Nottingham is blessed by having two football stadiums and a Test cricket ground within a short walk of the city centre. Not for long if Forest’s board have their way. Brian Clough is spinning in his grave and Al Needham has smoke coming out of his ears as he explains what passes for logic in the east midlands
The village of Gotham in Nottinghamshire is famed not only for inspiring an early name for New York, but for being full of mad people. Legend has it that when the locals heard that King John was making a detour through the village (thereby forcing the creation of a royal highway that the villagers would have to pay for), they went on an orgy of mentalism – drowning eels in a tub and painting green apples red – in order to scare the monarch away.
Nine hundred years later, and the Wise Men of Gotham are in danger of being comprehensively out-madded by Nottingham Forest. This summer, they announced a move out of the 30,602-capacity City Ground (the club’s home for 109 years) to a 50,000-seat mega-stadium four-and-a-half miles away in Clifton, smack on the doorstep of Gotham.
Bearing in mind that a) Forest are still in League One, b) they’ve only just managed to scrabble their way out of debt, c) although they have the highest average attendance in the division, it’s still 10,000 or so short of capacity, and d) they never managed to pack the ground out even when they were European champions, you may be wondering what the name of God they’re gibbering on about. So am I.
“It would say that Nottingham is a forward-looking, dynamic city that has confidence and self-belief,” announced Forest chief executive Mark Arthur, as he waved about artist impressions of something that looked like a massive toilet bowl with a red seat at a press conference in June, pausing every now and then to submerge another eel’s head under the water. “There are many [Arsenal supporters] who didn’t want to leave Highbury, but anyone who has visited the Emirates Stadium will say ‘wow’. What a place to watch football. And perhaps we will go for a slightly scaled-down version of that.” Well, Mark, it would be nice to visit stadiums like that a couple of times a year, but we can’t. Because we’re in division three. Which is a massively scaled-down version of the Premier League.
You would understand the enthusiasm for a move if the City Ground were a dump, but it’s not. It’s a short walk from the train station and a stone’s throw away from the home of the oldest professional club in the world and a world-famous cricket ground, making it one of the most concentrated areas for sport in the country. According to Arthur, that’s not good enough for go-ahead, vibrant, eclectic Nottingham: “If the World Cup were to come to England in 2018 or 2022, then this would be a stadium worthy of staging the tournament’s matches.”
Ah, yes. I totally forgot that the FA were on the verge of claiming the World Cup. And when that absolute 100 per cent cast-iron certainty happens, Nottingham will have a 3-1 chance (with Leicester and Derby – who announced stadium-expansion plans on the same day) of hosting the east midlands’ games. Never mind the fact that Nottingham’s participation in Euro 96 involved a swathe of empty seats.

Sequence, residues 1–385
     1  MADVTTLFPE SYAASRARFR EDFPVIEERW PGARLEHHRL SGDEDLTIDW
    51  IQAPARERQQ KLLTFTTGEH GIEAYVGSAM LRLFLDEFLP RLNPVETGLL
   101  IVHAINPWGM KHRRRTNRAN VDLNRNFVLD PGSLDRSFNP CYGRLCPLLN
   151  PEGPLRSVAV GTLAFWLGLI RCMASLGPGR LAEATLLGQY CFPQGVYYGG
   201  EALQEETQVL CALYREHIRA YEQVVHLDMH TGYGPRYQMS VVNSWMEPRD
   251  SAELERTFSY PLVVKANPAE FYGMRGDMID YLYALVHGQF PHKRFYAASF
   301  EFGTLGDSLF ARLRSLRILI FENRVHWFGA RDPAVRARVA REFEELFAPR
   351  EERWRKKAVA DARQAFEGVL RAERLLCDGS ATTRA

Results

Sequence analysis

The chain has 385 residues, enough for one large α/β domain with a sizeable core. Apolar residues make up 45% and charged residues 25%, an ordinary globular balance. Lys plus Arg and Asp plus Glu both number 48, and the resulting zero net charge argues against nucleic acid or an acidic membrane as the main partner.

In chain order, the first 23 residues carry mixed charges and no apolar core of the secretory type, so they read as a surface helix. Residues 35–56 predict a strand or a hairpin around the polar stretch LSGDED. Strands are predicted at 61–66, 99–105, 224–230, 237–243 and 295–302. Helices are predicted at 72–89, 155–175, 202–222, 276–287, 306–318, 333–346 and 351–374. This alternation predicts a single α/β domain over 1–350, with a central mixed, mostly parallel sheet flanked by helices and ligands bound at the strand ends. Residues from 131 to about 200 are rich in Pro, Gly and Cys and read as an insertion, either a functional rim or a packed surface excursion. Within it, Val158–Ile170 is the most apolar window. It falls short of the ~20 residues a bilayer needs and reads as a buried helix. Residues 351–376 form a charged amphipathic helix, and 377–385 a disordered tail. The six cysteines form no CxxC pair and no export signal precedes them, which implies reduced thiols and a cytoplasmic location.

If the World Cup does come to England, and Forest’s new MegaToilet beats out Pride Park and the Crisp Bowl, what then? How are Forest going to double their gate in a decade, when it’s obvious that the football boom is not going to get any bigger? More important, how can anyone predict with any certainly that Forest are going to be a top-flight club by 2018, when recent form shows that they’re just as capable of being forced to contest local derbies against Hucknall Town in the Conference North next decade?
It’s only when you look past the bluster and the glossy brochures that you realise what’s going on. The council own the strip of land backing on to the Trent as well as the freehold of the City Ground. Listen to the words of Ray Valenti of Nattrass Giles chartered surveyors without wanting to pause to wipe the drool off your fingers: “750,000 square feet of floor space with a value exceeding £250 million… could attract a medium-sized food store operated by a premium brand such as Waitrose… this could be the location for the five-star hotel Nottingham has so far failed to attract… The demise of soccer at the City Ground will be celebrated with a new Trentside landmark that even Ol’ Big ’Ead would be proud of!” No, mate, he would have smacked you in the teeth.
Nottingham, like every other moderately-sized factory city that doesn’t have factories any more, is going through an identity crisis and reacting to it by chucking money up the wall on building projects and hoping one or two stick. The Forest move displays the depressingly familiar deluded logic that states that, if you build another Top Shop five minutes’ walk from the old one, you’ve suddenly created a retail Mecca. And if you’ve spent the last few years building “executive apartments” in the hope that there’ll eventually be industries here that actually have executives, or erecting loads of hotels in the hope that people will come here for more than stag dos, why not build a 50,000‑capacity stadium out of the way in the expectation that Forest will eventually become a Big Club and sell it out every other week?
The people of Gotham had a method to their madness. The people who run Nottingham Forest seem to be just mad.
From WSC 247 September 2007